Sue and Martin above Zermatt - 2018

Sue and Martin above Zermatt - 2018
Showing posts with label Porthmadog 2018. Show all posts
Showing posts with label Porthmadog 2018. Show all posts

Wednesday, 28 November 2018

Porthmadog 2018

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Here’s an overview of our recent trip to Porthmadog, together with route maps.

Day 1

Sunday 11 November 2018 - A Circuit from Tudweiliog

We started with this excellent walk featuring some splendid rainbows at Porth Ychain.

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The walk ended near Porth Towyn, where a lone woman was swimming in the sea.

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Here’s our route - 13 km with 100 metres ascent, taking 3.5 hours.

1135route

Day 2

Monday 12 November 2018 - Mynydd Tir-y-cwmwd from Llanbedrog

We went to Llanbedrog with my brother Dave. He’d never been there before! It’s a steep climb up to the Iron Man sculpture.

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Here’s our route - 4 km with 200 metres ascent, taking 1.5 hours.

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After the walk we visited Plas Glyny-y-Weddw. Had to seriously resist spending Lots of money.

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On return to Porthmadog, we enjoyed a short walk to Tremadog, returning via a supermarket and a storm.

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Here’s our route - 6 km with 50 metres ascent, taking 1.5 hours.

1221route

Day 3

Tuesday 13 November 2018 - A Criccieth circuit from Porthmadog

This was a 27 km circular walk via Criccieth, starting on a lovely morning from Porthmadog harbour.

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The coast path leads through Borth-y-Gest to Ynys Cyngar.

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A long stroll along the firm Black Rock Sands led eventually to an excellent café in Criccieth.

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Beyond Criccieth we encountered (well, we failed to encounter) a path which had no access point, then a bit later another path that came to an abrupt halt at a high stone wall bordered by equally high barbed wire fences and no sign of a stile. We turned around near where this view from Bryn Braich-y-saint towards Porthmadog was recorded.

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The horses were more friendly than the natives.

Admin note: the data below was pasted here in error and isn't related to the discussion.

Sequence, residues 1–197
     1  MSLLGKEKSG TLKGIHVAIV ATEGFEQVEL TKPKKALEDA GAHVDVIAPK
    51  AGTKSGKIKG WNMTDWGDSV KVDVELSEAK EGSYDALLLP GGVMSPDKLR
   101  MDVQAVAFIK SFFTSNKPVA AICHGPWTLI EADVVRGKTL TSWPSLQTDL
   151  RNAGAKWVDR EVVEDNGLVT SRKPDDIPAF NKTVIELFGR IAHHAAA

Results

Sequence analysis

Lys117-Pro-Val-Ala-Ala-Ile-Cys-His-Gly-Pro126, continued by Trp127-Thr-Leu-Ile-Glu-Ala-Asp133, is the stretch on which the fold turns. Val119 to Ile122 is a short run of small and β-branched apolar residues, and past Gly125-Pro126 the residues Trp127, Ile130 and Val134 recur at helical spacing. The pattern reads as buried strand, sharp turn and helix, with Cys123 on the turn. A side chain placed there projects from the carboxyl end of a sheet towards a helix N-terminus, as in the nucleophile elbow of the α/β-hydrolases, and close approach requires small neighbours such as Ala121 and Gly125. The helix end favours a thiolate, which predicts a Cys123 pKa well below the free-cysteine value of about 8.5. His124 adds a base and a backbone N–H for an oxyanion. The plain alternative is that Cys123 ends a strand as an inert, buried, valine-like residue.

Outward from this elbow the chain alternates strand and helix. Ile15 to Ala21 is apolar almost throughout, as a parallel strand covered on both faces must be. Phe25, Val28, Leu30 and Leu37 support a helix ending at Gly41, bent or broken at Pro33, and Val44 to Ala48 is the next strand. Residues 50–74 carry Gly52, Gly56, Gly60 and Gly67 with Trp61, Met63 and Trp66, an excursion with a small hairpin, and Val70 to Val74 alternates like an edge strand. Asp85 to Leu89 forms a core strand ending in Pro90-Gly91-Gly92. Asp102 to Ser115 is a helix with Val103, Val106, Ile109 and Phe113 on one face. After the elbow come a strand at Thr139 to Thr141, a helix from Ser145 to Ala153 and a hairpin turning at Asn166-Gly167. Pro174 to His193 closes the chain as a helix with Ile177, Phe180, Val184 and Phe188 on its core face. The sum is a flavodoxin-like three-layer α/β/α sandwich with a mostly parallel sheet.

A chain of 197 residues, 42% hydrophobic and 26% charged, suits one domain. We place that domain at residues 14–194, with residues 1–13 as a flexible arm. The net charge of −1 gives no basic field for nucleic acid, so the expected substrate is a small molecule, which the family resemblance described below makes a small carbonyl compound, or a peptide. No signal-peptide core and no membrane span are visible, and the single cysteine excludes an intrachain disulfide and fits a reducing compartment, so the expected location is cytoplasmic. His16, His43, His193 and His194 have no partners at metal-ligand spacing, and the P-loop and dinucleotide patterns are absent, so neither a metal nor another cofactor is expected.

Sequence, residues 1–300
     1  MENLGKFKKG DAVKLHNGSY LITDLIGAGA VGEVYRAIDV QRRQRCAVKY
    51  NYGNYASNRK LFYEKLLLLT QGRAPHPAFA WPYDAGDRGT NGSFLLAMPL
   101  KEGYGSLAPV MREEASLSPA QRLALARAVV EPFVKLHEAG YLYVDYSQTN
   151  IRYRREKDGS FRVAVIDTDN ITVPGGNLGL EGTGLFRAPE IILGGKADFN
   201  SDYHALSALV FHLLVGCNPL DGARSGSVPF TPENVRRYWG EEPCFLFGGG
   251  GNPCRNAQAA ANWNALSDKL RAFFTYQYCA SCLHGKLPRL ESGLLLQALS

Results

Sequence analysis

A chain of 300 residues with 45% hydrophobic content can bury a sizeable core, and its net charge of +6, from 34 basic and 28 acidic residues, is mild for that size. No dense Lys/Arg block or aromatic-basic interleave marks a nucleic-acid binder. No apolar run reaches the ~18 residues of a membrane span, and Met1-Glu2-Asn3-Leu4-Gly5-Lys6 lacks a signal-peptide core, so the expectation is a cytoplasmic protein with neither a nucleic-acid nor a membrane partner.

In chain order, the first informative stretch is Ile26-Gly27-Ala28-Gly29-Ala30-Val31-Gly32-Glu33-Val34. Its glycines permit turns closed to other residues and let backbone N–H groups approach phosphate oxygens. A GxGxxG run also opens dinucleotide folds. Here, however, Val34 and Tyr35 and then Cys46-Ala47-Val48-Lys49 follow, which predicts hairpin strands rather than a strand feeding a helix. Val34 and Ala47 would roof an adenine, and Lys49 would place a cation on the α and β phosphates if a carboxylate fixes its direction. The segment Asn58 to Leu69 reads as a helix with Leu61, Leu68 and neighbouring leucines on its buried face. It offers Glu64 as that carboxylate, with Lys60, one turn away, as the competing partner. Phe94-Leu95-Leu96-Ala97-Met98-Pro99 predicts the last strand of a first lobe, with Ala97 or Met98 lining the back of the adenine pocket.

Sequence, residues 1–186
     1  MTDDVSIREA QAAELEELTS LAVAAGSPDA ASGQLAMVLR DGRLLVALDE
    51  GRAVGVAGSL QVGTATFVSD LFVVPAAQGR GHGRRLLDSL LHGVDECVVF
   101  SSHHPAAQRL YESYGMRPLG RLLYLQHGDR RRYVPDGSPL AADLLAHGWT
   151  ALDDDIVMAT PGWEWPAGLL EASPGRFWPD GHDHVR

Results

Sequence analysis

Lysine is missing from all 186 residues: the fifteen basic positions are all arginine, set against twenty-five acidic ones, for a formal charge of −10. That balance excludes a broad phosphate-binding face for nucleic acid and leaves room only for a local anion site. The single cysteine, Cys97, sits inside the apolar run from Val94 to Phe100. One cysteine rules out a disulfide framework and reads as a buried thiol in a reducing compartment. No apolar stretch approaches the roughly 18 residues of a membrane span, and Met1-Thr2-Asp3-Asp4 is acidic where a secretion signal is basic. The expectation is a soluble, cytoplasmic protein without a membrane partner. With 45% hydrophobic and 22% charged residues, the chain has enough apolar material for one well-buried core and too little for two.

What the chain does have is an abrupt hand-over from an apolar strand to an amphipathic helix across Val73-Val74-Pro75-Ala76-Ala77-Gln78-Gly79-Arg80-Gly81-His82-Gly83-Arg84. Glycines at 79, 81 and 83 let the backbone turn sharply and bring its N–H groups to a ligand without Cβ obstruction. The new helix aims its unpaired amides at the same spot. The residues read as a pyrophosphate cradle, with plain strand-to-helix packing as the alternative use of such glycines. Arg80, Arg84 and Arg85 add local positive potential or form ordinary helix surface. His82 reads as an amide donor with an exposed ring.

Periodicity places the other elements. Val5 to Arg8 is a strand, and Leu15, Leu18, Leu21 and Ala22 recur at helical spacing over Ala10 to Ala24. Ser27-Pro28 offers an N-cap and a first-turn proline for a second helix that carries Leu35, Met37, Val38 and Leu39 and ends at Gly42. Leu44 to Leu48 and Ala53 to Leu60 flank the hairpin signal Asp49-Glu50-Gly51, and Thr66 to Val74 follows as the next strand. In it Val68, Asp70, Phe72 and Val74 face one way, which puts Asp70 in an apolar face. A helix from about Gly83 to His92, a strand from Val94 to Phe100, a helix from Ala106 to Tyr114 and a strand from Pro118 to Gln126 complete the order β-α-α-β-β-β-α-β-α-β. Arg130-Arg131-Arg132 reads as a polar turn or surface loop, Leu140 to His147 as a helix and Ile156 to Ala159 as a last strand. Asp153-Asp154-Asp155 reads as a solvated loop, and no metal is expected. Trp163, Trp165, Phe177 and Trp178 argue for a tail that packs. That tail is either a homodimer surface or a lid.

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Here’s our route - 27 km with 500 metres ascent, taking 6.5 hours.

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Day 4

Wednesday 14 November 2018 - Anglesey Coast Path - Newborough,  The Missing Loop

This was the day we completed a section of the Anglesey Coast Path that we missed out in April. Newborough Forest hadn’t lost any of its beauty.

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The walk along Traeth Penrhos was arduous. We were sand-blasted. Goggles would have been useful.

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We had to wait an hour and a half before we could splash our way across to Llanddwyn Island.

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A lorry load of shells have been deposited – to be used as hard core for path maintenance. This area is easily accessed by car and is obviously a very popular place.

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From the tip of the island there are good views to Snowdonia and (below) to the hills of the Lleyn Peninsula.

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After an unfortunate episode with a badly behaved dog, we enjoyed an orange sunset shortly before returning to the car.

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Here’s our route - 18 km with 200 metres ascent, taking 5 hours.

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Day 5

Thursday 15 November 2018 - Ceunant Cynfal and Ffestiniog

We drove up to Ffestiniog, where Sue made friends with a ginger tom cat.

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Our walk in Ceunant Cynfal featured a rain forest (yes!), moss laden trees, waterfalls, and some attempts at photographic artistry from Sue.

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Shortly before arriving back at Ffestiniog, we paused to attack the contents of a large flask, with great views towards the Moelwyns.

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Here’s our route - 8 km with 300 metres ascent, taking 3 hours.

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And there’s more from Day 5